Cockroaches

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Cockroach Identification

There aren’t a lot of things people know about roaches. They know they are disgusting creatures that carry and transmit diseases, but they don’t know a lot of the scientific information about these creatures. The perfect example of this is the species. Most people know that roaches invade homes, but did you know there there are only a few specific species that invade homes? There are currently approximately 4,000 known species of roaches worldwide. While this is the case, there are only 30 of these involved with human habitations. Fives of these 30 will only likely be found in Akron, Ohio.

Why is this important? Because if you want to eliminate your roach problem successfully, you need to know what species you’re dealing with. Different species not only require different living conditions, but they can behave differently. Knowing this information and how to apply it could make the biggest difference in the world when it comes to successful elimination and prevention.

You might not believe it, but there are some roach species that people don’t even consider pests. This is because they don’t inhabit the property. If they don’t inhabit properties, you don’t have to worry about them reproducing inside your home, which is a major plus. Regardless of the situation, if you want to not only eliminate your roach infestation but keep it gone for the foreseeable future, you’re going to need to know what specific species you are dealing with.

The Cockroaches That Invade Akron, Ohio

In Akron, Ohio, residents will deal with two common types of species. Just on a side note, these species are also common in Michigan and Indiana. All that being said, these two types of species are the German Cockroach and the American Cockroach.

The German Cockroach

With the German Cockroach, adults usually grow to anywhere from ½ to 5/8 inches long. They have a light brown to almost tan color appearance with a pair of what is sometimes referred to as racing stripes behind their heads. As with similar insects, the German roach is a prolific breeder. This is one of the most well-known facts about the roach. The mature female German roach can lay as many as five eggs casings in her lifetime. The thing is though, these casings can contain nearly as many as 30 to 40 eggs. That is almost 200 baby roaches running around in a lifetime. The German roach is commonly found in kitchens under warmer areas like ovens, refrigerators, and dishwashers. While these species do have fully developed wings, they do not possess the ability to fly.

The American Cockroach

As for the American Cockroach, the adults can grow to be anywhere from 1 3/8 to 2 inches in length. Their color is reddish-brown with lighter surroundings. Instead, of the racing stripes, the roaches have central dark markings on the plate located behind their head. One of the most impressive things about the American roach and the thing that it is most known for is its size. Not only is this roach one of the largest of the species, but it is the largest roach capable of flight. These roaches can live for extremely long periods. With the ability to live anywhere from 6 months to 2 years mature, they can be a real nuisance for any unsuspecting homeowner. These roaches also heavily populate warmer, moist areas like sewer systems and steam tunnels. That being said, if you are facing an American roach infestation, it likely means you have a nearby broken sewer pipe or your plumbing trap has dried out, giving them unfettered access to your structure.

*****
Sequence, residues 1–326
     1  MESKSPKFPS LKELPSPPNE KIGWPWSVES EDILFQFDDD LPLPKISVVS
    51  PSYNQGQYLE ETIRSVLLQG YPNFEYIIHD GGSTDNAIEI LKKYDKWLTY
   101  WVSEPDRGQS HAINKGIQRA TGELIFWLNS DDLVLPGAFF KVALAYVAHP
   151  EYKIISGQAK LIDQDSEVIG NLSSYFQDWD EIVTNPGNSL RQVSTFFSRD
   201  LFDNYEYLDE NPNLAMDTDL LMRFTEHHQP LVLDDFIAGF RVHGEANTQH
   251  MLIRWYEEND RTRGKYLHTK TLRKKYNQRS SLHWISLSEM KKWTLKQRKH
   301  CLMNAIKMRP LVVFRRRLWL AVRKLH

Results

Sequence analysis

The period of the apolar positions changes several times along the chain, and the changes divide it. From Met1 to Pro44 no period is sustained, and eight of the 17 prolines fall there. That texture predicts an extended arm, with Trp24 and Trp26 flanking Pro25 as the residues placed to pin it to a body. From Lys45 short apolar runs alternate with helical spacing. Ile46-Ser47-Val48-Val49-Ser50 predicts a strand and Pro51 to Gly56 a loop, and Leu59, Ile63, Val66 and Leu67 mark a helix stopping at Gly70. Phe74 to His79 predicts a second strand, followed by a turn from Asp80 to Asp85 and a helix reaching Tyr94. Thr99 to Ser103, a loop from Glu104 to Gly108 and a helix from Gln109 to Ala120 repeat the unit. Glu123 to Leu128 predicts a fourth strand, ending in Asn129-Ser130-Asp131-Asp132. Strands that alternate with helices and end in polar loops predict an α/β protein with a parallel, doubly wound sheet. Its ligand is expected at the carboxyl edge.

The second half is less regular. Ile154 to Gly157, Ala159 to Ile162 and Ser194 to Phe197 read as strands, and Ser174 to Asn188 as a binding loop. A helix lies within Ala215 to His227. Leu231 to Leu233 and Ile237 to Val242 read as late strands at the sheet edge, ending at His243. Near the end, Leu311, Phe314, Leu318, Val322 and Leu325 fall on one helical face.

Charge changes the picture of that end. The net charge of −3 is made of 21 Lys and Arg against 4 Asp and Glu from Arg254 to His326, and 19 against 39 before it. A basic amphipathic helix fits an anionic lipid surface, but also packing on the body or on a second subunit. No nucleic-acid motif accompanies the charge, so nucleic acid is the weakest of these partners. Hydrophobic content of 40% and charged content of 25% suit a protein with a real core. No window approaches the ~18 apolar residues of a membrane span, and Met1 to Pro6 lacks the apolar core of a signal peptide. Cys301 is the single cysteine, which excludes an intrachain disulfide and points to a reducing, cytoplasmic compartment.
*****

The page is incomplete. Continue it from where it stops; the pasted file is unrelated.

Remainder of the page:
While these are just the more common of the species in Ohio, it’s not the only two you’ll find in North America. Here are some of the other common species and what you need to know about them.

The Pennsylvania Wood Cockroach

With the Pennsylvania Wood Cockroach, there are major differences between the male and female of the species. This is not something that can be said about the other roach species. For instance, the male Pennsylvania roach is medium-sized and fully winged, usually about an inch in length, while the females only measure ½ to ¾ inches in length. They also do have wings, but their wings are much, much shorter. One good thing about Pennsylvaniaroaches, if you can say that about any roach, is they are not considered pests. And, this is because they do not invade or reproduce indoors. With their wings, the males will fly at night in lighted areas. Like a moth to the flame! That being said, these species are usually found in woodpiles, backed-up rain gutters, and wooden shingles or siding.

The Spotted Mediterranean Cockroach

Of all these species common to Akron, it is the Spotted Mediterranean Cockroach that is among one of the smallest. They only grow to about 1/3 an inch. Their color usually appears as light tan with darker spots or speckles. While this species came from Europe, they were introduced in North America in the 1900s. That being said, their population has been dramatically expanding since this time. They are quite common in outdoor foliage. Like the Pennsylvania Wood roach, the Spotted Mediterranean is attracted to light. Also, like Pennsylvania roaches, this species will not reproduce indoors.

The Oriental Cockroach

The Oriental Cockroach is one of the larger species, measuring in at anywhere from 1 to 1 ¼ inch. They are dark brown to black. While the females of the species never do develop wings, the males develop wings that cover over half their bodies. Their wings cover about ¾ of their bodies. In Akron, the biology of the Oriental roach is similar to that of the American roach. That being said, there is one major difference between the two. That difference is these roaches are more cold-hardy and occasionally reproduce indoors. This species likes to feed on garbage, feces, and other decaying organic matter.

Smokey Brown Cockroach